Wednesday, June 8, 2011

Somalia Conflict takes Toll on Civilian Mental Health

  • Somalia Conflict takes Toll on Civilian Mental Health
  • A new review says the extended issue in Somalia has taken a big cost on the psychological well-being of ordinary people.
  • The Community Wellness Company (WHO) says many are experiencing psychological sickness and have become culturally separated and insecure.
  • In Nairobi, Dr. Marthe Everard, the WHO associate for Somalia, says, “The scenario is not very good.  As you can think about, after 20 decades of war…and municipal trouble and issues and displacement…we think that one in three Somalis has one or the other psychological health problem.”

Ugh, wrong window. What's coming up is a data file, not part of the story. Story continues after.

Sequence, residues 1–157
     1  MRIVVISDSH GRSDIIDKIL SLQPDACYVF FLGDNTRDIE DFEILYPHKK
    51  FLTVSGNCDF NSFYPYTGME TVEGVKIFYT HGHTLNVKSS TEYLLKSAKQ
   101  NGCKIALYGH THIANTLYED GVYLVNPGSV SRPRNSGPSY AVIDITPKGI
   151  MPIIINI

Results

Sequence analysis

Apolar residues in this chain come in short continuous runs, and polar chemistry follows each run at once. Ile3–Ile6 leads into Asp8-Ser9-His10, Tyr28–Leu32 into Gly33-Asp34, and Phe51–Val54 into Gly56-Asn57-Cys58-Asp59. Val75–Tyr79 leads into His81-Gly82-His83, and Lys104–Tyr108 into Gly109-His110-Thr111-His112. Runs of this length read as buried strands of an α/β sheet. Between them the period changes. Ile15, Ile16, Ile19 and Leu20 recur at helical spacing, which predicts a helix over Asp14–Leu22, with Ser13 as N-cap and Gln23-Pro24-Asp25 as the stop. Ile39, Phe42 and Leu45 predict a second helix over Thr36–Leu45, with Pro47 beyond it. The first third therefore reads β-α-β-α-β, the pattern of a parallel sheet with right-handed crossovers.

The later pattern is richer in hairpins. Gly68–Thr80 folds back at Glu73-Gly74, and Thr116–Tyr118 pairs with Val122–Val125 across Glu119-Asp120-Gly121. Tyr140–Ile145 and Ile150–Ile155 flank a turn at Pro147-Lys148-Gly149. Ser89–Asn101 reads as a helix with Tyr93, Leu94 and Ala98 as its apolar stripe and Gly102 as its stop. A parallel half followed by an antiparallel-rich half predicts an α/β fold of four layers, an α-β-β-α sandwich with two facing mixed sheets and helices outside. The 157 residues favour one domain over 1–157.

• The issues are many and different.  Everard says they consist of pressure and anxiety, depressive problem, schizophrenia, psychological retardation, abusing drugs and epilepsy.
  • The WHO represents the assault confronted by many Somalis as “horrific,” such as defeating, personal and sexual assault.
  • “The scenario is more intense than we ever had believed.  Really a decrease of protection sensation, a lot of interruption, people are going for walks around with…war injury,” she says.  Other issues causing psychological pressure consist of high lack of employment and hardship.  A deterioration famine is harmful livelihoods and animals.
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